National Support for Community Health Workers
American Public Health Association (APHA)
APHA has had a CHW Special Primary Interest Group for over 20 years. In 2009 APHA recognized this group by accepting them as the CHW Section. In 2009, APHA also issued a policy statement titled "Support for Community Health Workers to Increase Health Access and to Reduce Inequities" (Policy Number 2009-1). The CHW Section also published a national CHW definition as follows:
A Community Health Worker (CHW) is a frontline public health worker who is a trusted member of and/or has an unusually close understanding of the community served. This trusting relationship enables the CHW to serve as a liaison/link/intermediary between health/social services and the community to facilitate access to services and improve the quality and cultural competence of service delivery. A CHW also builds individual and community capacity by increasing health knowledge and self-sufficiency through a range of activities such as outreach, community education, informal counseling, social support and advocacy.
Centers for Disease Control and Prevention (CDC)
The CDC has provided leadership in documenting and acknowledging the role of CHWs. CDC's Division of Diabetes Translation report titled Community Health Workers/Promotores de Salud: Critical Connections in Communities stated "Across the scope of CDC's diabetes programs, many ties link communities to health care systems through which runs a common thread-including and honoring the advocacy and teaching skills of community members in the role of CHWs."
U. S. Department of Labor (DOL)
In its publication of the 2010 Standard Occupation Classification revisions for the Department of Labor, the Executive Office of the President included a unique occupational classification for Community Health Workers (#21-1094), which was used in the 2010 census.
Health Resources and Services Administration (HRSA)
HRSA has a history of supporting the role of CHWs. HRSA funded the Community Health Workers National Workforce Study, a comprehensive national study of the CHW workforce released in 2007 and funds a national Patient Navigator program. HRSA mandates that all of its Area Health Education Centers use CHWs for outreach to community members.
Institute of Medicine (IOM)
In its 2002 report, Unequal Treatment: Confronting Racial and Ethnic Disparities in Health Care, IOM recognized that CHWs "offer promise as a community-based resource to increase racial and ethnic minorities' access to health care and to serve as a liaison between healthcare providers and the communities they serve." The report also asserts that CHWs are effective as, "a strategy for improving care delivery, implementing secondary prevention strategies, and enhancing risk reduction" and recommends integrating trained CHWs into multidisciplinary health care teams. In its 2010 report, A Population-Based Policy and Systems Change Approach to Prevent and Control Hypertension, the IOM recommends the CDC Division for Heart Disease and Stroke Prevention (DHDSP) should explore ways to make increased use of community health workers.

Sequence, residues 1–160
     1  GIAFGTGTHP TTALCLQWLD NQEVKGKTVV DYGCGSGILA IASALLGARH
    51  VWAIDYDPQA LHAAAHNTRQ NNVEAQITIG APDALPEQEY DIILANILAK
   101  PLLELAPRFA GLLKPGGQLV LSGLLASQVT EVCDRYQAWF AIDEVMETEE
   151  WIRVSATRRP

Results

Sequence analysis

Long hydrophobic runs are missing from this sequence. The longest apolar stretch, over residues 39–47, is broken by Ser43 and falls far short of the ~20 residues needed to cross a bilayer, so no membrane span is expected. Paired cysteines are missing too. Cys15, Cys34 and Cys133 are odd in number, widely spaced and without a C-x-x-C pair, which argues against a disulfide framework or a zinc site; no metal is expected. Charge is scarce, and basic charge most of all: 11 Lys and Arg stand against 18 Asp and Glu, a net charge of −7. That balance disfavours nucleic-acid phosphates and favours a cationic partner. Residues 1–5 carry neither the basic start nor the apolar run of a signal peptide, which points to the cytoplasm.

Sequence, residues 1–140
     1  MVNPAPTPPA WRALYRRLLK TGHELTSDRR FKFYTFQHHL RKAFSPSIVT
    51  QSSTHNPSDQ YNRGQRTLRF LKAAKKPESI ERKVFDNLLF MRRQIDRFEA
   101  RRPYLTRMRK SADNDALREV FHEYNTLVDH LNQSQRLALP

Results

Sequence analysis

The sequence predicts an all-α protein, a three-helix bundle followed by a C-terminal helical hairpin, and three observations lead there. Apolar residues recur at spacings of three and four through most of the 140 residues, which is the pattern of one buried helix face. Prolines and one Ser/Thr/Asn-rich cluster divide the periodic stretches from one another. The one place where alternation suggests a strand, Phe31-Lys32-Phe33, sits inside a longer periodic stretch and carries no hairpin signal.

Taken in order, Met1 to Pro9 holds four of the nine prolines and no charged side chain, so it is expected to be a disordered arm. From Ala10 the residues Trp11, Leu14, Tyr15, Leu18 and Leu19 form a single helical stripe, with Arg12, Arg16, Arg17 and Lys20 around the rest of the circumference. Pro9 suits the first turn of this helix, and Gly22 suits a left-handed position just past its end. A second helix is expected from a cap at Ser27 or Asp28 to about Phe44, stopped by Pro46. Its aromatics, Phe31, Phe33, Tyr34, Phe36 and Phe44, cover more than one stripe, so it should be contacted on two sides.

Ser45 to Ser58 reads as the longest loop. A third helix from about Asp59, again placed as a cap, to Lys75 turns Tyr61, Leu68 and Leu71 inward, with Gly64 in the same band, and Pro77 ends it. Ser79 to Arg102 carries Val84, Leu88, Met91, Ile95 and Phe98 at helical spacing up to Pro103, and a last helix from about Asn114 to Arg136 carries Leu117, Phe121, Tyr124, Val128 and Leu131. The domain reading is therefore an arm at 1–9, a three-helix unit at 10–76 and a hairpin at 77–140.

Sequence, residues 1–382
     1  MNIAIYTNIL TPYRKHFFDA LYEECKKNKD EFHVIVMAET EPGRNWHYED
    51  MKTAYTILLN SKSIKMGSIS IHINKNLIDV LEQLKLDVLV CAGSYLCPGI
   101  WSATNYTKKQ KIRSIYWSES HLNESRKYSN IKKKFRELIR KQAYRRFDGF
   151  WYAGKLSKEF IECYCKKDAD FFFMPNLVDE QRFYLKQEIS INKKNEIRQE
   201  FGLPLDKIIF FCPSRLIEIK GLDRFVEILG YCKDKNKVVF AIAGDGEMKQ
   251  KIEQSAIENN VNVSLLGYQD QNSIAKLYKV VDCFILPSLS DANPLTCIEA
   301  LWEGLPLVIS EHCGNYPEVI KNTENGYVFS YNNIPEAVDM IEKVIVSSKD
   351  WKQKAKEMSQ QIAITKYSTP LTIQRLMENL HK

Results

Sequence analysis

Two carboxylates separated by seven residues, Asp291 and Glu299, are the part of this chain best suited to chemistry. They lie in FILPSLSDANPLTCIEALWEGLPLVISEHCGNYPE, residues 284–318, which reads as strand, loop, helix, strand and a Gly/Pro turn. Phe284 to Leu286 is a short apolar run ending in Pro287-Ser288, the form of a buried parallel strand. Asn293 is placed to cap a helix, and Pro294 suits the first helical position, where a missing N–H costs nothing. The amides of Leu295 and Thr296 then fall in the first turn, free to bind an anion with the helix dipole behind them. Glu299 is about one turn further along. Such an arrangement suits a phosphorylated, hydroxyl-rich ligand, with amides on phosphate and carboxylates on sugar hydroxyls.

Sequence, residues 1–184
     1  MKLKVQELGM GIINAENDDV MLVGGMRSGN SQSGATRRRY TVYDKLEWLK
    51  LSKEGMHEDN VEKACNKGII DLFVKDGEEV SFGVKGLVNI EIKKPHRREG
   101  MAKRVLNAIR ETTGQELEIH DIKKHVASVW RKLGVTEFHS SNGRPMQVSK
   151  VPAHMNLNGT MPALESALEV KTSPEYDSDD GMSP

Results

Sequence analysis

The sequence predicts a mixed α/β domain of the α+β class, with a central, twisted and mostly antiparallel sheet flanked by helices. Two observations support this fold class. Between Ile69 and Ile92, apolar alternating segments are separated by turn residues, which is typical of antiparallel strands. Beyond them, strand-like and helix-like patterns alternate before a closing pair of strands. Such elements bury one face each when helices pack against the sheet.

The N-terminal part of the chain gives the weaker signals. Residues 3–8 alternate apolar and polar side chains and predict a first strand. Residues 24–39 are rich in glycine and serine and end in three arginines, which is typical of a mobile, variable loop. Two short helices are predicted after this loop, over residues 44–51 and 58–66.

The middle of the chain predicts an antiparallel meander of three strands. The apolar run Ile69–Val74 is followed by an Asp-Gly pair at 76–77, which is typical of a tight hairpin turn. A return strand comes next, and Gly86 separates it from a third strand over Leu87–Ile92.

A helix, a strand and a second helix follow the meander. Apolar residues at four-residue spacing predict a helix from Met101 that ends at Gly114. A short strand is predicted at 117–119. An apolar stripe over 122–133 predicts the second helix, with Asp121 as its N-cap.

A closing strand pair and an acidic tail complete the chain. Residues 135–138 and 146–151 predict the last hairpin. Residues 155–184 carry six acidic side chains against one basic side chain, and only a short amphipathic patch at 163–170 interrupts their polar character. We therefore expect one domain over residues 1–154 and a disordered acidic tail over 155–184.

National Heart, Lung and Blood Institute (NHLBI)
In its Hypertension Awareness and Control Programs, NHLBI recommends a strategy of training and using CHWs as: 1) trainers of others; 2) to educate community members; and 3) to work as a member of a health care team to help improve adherence to clinical and educational recommendations.
United States Congress
The newly enacted Patient Protection and Affordable Care Law, defines CHWs as members of the "Health Care Workforce" and lists CHWs as "Health Professionals." In addition, the law determines that funds granted under sec. 399V, subsection (a) shall be used to support CHWs to provide outreach, promote positive health behaviors, support enrollment in health insurance, identify and enroll underserved populations to appropriate health care agencies and community based programs, and provide home visitation services regarding maternal health and prenatal care. Funding for the use of CHWs in underserved communities through the CDC also was included. The use of CHWs has been promoted by numerous other state and national agencies and organizations, including Aetna, the American Association of Diabetes Educators, American Diabetes Association, American Heart Association, American Hospital Association, American Medical Association, American Nurses Association, National Coalition of Ethnic Minority Nursing Organizations, National Conference of State Legislatures, and New York State Department of Health.
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